Man Pleads Guilty After Setting Off Homemade Bomb At Aussie Music Festival
A man in Melbourne has plead guilty to eight charges, including reckless conduct endangering serious injury, two charges of recklessly causing serious injury and possessing an explosive substance, after he set off two homemade ‘bombs’ at the St Kilda Festival last year.
Sam Aniello Castellano, 22, set off two of the homemade devices injuring five people – including two seriously – at the annual event that attracted over 400,000 people to the St Kilda forshore to watch bands such as Tim Finn, Muscles, Gareth Liddiard, Kimbra, and Jebediah.
According to The Age, at the Melbourne Magistrates court yesterday Castellano plead guilty to eight of the charges out of the eighteen he is charged with.
The explosions happened in the afternoon on February 13th around 3.20pm and again about four hours later, at times when literally hundreds of thousands of festivalgoers were enjoying the St Kilda foreshore.
A policeman told the court that mid-afternoon he heard a noise like a large firework going off as a man felt a sharp pain and burning sensation in his back. The victim, still in shock, looked down and noticed he bleeding from shrapnel that had exploded with the bomb.
A woman who was also at the smaller stage at the time Melbourne soul act Electric Empire were playing was also hit by flying shrapnel in her back and started bleeding from a wound that required numerous stitches.
Later in the day Castellano set off another bomb, this time hitting three people including one man who said he saw a flash before his leg gave way and his show filled up with blood from a wound that required 25 stitches.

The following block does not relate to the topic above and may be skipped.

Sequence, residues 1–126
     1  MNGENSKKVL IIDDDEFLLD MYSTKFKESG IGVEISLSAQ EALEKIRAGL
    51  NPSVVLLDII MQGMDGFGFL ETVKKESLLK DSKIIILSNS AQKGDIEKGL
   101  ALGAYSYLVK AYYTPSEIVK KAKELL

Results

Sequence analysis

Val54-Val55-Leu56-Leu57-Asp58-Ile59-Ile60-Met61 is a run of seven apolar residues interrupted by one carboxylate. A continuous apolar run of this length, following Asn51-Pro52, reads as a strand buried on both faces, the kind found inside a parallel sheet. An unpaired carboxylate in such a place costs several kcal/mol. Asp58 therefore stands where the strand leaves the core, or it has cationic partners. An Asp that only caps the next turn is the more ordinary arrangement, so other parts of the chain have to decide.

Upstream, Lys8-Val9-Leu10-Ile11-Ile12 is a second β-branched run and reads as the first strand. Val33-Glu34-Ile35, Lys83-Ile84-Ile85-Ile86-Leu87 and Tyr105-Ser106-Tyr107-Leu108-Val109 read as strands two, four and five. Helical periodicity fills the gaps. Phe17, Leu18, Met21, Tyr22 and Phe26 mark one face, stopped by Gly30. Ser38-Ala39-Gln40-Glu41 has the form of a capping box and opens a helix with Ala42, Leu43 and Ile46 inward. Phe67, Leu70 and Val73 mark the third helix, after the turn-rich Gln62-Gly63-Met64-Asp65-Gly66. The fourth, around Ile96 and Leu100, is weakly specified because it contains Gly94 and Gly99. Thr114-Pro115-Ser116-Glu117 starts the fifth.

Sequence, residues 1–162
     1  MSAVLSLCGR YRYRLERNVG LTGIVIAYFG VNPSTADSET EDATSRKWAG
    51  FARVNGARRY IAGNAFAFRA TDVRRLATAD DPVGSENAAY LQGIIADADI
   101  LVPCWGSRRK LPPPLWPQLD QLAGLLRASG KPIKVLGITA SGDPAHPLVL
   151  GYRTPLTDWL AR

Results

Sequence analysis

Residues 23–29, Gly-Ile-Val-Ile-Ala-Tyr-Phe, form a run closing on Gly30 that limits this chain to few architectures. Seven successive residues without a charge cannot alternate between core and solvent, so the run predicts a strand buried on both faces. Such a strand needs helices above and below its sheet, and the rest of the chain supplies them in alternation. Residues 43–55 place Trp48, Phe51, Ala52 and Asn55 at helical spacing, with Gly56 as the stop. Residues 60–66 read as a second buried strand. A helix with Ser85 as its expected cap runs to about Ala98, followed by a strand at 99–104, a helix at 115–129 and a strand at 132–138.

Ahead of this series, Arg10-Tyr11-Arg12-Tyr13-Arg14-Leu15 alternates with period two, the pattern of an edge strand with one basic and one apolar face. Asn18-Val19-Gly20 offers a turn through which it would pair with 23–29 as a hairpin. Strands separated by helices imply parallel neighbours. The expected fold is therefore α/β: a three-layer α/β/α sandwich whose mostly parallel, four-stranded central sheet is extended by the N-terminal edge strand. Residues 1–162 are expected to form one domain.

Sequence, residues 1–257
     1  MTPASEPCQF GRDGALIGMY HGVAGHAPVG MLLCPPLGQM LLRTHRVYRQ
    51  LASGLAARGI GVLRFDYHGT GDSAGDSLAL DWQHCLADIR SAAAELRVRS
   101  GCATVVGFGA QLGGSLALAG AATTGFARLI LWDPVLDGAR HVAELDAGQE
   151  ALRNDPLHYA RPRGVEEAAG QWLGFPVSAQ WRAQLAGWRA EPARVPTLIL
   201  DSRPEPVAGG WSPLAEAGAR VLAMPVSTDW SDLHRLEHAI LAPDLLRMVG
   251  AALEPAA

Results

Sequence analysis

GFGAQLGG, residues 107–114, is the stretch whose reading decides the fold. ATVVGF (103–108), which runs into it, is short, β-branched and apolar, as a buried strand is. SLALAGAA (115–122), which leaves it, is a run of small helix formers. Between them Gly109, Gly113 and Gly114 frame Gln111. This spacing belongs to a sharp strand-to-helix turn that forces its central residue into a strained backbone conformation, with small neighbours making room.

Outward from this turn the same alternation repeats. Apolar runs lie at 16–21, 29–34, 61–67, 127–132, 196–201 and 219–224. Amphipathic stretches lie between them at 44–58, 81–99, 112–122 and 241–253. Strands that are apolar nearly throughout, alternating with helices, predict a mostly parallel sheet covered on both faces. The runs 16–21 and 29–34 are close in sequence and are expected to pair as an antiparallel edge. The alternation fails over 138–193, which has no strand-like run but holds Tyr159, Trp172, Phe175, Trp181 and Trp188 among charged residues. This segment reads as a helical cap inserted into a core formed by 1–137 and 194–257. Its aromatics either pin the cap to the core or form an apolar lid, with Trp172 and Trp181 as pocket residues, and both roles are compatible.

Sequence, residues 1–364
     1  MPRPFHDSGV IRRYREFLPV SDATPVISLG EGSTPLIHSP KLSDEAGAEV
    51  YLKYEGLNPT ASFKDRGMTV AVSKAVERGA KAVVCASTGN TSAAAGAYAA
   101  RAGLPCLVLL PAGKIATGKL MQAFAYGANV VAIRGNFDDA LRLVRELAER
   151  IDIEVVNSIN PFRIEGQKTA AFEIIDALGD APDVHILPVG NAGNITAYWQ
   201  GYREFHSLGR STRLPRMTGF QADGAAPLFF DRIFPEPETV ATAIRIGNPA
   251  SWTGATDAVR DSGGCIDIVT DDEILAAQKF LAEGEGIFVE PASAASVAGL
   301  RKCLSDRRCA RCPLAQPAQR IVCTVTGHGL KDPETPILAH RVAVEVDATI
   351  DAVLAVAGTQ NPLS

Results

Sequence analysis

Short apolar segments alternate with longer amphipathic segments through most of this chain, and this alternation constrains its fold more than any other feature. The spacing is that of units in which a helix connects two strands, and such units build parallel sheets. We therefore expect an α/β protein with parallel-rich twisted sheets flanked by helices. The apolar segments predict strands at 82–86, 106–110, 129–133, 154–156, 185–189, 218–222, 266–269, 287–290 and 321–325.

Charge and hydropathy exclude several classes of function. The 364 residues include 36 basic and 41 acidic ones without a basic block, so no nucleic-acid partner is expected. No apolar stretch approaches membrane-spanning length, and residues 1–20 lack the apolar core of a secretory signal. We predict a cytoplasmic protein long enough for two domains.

Also injured in the second blast was a man who was forced to remove a piece of metal from his left hand and a woman who started bleeding after shrapnel embed itself in her left calf.
A police explosives chemist told the court that they the devices consisted of a metal container, and could have been a “soda bomb” which holds an explosive charge. According to a friend who was shown the “homemade explosive” earlier in the day, Castellano did not mean to hurt anyone.
Castellano had been ordered to appear in the County Court in August.
Rock n’ roll can be a risky business – and that’s just in day to day life, let alone on the touring musician’s workplace, the stage. Whether it is the stage collapsing, parts of it falling on top of artists or even artists tripping and falling on it, it’s a place that wouldn’t pass muster with many OH&S inspections. That’s even before you get around to the fact that there’s live electricity all over the place and, bigger stages are often outdoors and then worst off all, you’ve got fans trying to get on stage. We take a look at some of the worst stage injuries suffered by rock n’ roll artists. Watch this slideshow »